#1
Something I've never understood, is when creating larger chords, ie Am11, how to determine the expression of the 7,9,11.

For example, Am11 is comprised of 1, b3, 5, 7, 9, 11?
Or because it is a minor chord, do you determine that the 7 should be a minor 7, and so on and so forth.

How is it decided; does it simply rely on the key you're in, or is there an entirely different way of notating it, ie Am11 (b7 b9)? Help me out here, and I hope my question was clear enough. Thanks in advance! :|
#2
The basic triad is Am. Those notes are A C E. Am7 adds a G, so you have A C E G. The 7th on a minor chord is always b7 unless the chord is Am/maj7, in which case you play the Am triad plus the maj7, G#, forming A C E G#.

Once you start putting extensions above the 7th such as 9s, 11s, and 13s, the 7th is assumed (this applies to dom7, maj7, and m/maj7 chords as well). Am9 would be assumed to contain the G note. If it were A C E B and no G note, it would be called Am add9.

When you add extensions past the 9th, notes are often left out. While the notes in an Am11 chord are technically A C E G B D, the fifth and ninth aren't that important, so either or both can be left out at the performers discretion. The same applies to 13 chords. The 5, 9, and 11 aren't so important, so they too can be omitted if you prefer that sound. However, whether you omit those tones or not, it is still Am13.

When you alter the extensions, you write the 7 and then the altered extension. Amb9 would be incorrect notation. It should be written as Am7b9. A common chord using this is the "Purple Haze Hendrix Chord," E7#9. The rules of omission are the same here as well. E7#9 technically contains the notes E G# B D *Fx. However, Jimi played only the notes E G# D Fx.

The reason behind this note omission is that certain notes have little to do with the overall harmony. In a C13 chord, the notes are C D E F G A Bb. However, the notes that specifically make it C13 are the root, C, the third, E, the seventh, Bb, and the 13th, A. Adding other tones doesn't make it any more of a C13 chord, but can make the chord muddy, especially in a big jazz band where such a chord would typically be found. You cannot, however, leave out any altered notes. If the chord were C13#11, you couldn't leave out the #11.

*Fx is sometimes written F## and is enharmonic to G but can't be written as G because Western music does not allow for the same letter to appear twice in a chord or scale. For instance, the B major scale is B C# D# E F# G# A# instead of F# G# B.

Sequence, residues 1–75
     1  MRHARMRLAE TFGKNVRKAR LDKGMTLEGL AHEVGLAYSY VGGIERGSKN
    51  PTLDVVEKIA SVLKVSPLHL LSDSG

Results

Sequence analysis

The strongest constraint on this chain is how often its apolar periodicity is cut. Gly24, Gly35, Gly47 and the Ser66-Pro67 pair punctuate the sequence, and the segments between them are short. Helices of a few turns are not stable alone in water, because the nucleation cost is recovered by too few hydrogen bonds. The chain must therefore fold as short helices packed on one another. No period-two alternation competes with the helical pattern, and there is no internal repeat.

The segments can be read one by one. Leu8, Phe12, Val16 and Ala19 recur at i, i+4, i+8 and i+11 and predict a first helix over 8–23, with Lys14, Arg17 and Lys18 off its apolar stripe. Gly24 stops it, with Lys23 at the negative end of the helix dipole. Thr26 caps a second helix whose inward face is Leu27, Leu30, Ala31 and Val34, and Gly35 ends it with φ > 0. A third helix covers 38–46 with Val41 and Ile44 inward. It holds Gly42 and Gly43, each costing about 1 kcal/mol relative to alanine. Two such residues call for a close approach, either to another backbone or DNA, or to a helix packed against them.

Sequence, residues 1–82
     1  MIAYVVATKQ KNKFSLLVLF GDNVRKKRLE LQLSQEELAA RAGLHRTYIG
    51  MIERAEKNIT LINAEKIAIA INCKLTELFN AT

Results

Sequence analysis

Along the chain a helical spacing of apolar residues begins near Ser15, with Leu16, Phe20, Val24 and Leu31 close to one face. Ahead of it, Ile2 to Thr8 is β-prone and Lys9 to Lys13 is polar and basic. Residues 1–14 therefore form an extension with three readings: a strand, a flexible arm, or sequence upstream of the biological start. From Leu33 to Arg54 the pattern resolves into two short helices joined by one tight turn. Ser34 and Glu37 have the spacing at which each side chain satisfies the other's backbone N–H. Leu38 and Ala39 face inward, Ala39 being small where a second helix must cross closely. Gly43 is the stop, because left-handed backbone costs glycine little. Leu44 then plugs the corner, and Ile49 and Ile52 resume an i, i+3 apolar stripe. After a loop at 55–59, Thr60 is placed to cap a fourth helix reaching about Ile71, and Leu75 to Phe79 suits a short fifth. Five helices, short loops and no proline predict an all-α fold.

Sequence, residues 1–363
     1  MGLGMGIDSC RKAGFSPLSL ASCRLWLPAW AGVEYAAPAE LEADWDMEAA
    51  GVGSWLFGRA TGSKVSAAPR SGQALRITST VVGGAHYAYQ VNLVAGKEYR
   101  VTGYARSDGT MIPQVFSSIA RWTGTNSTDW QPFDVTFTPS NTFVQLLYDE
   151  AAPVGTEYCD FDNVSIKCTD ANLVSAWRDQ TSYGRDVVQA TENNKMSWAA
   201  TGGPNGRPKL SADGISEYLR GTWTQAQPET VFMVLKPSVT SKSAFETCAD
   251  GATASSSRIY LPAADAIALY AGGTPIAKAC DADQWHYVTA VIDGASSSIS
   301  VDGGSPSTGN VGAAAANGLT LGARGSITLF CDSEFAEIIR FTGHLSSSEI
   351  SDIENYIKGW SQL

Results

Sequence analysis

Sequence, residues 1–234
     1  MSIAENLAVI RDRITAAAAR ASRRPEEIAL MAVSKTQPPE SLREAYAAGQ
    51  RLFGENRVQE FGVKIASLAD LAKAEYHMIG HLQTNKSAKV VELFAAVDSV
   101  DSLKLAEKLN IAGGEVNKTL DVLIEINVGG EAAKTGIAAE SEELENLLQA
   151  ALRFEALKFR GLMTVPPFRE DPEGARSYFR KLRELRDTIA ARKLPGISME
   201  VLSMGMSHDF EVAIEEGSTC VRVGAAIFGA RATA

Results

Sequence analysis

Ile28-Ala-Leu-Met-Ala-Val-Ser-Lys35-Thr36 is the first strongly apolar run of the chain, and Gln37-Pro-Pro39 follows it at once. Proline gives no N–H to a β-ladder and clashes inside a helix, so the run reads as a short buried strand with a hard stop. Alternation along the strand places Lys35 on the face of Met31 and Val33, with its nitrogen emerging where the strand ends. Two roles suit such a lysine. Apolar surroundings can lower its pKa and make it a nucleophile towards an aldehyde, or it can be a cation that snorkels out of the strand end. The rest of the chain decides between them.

I hope this helps. I'll be glad to clarify any points of confusion, but please do ask a question; no "I don't get it," garbage. This is a lot of information at once, so read it a few times and try to understand each concept as I bring it up before moving on.


Edit:
You may be interested by the following thread. It gets a bit off-topic, but oh well: http://ultimate-guitar.com/forum/showthread.php?t=918682&page=1&pp=20
Last edited by bangoodcharlote at Jul 26, 2008,
#3
Quote by bangoodcharlote
The basic triad is Am. Those notes are A C E. Am7 adds a G, so you have A C E G. The 7th on a minor chord is always b7 unless the chord is Am/maj7, in which case you play the Am triad plus the maj7, G#, forming A C E G#.

A minor triad with a major seven is called dominant, isn't it? If not can you briefly explain what makes up a dominant 7 chord for me?

Quote by bangoodcharlote

When you add extensions past the 9th, notes are often left out. While the notes in an Am11 chord are technically A C E G B D, the fifth and ninth aren't that important, so either or both can be left out at the performers discretion. The same applies to 13 chords. The 5, 9, and 11 aren't so important, so they too can be omitted if you prefer that sound. However, whether you omit those tones or not, it is still Am13.

More than knowing which tones to omit, I was looking for a way to tell, which tones are flattened/sharped and which are left natural. Does the 13 in an Am13 chord have a default tone - automatically a pure tone (13 from A : an F) or does it rely on the key you're currently in? If the scale has an F# in it, would the 13 default to #13, or does it have to specify that in the chord, is essentially what I need to know
Quote by bangoodcharlote